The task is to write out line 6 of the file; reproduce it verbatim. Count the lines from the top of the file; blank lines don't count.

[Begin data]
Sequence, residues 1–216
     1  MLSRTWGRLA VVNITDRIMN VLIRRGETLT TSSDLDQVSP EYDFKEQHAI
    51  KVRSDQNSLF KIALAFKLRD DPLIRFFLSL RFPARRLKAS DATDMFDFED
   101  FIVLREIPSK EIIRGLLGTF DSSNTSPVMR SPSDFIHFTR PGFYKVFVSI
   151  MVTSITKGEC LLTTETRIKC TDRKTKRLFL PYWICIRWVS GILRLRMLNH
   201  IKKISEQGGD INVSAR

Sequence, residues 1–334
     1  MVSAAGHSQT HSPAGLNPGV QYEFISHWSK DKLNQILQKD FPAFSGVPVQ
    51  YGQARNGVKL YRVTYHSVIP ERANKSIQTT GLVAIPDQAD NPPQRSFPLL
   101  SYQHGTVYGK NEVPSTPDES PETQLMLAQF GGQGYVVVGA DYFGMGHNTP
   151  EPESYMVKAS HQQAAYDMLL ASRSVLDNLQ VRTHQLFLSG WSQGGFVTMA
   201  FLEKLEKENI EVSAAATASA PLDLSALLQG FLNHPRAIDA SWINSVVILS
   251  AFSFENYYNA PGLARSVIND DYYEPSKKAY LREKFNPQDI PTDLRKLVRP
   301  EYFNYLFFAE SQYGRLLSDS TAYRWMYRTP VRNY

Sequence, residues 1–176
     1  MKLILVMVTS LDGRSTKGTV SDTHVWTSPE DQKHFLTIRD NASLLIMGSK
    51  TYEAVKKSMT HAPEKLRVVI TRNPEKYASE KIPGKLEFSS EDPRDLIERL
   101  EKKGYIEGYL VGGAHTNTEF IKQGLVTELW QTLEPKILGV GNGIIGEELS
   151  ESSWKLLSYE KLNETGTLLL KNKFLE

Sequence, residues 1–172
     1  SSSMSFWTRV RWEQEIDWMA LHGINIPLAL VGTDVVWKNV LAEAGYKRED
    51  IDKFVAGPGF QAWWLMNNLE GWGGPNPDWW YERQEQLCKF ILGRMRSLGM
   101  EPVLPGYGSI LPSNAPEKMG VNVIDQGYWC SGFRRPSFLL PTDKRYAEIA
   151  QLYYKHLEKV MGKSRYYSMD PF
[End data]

   201  IKKISEQGGD INVSAR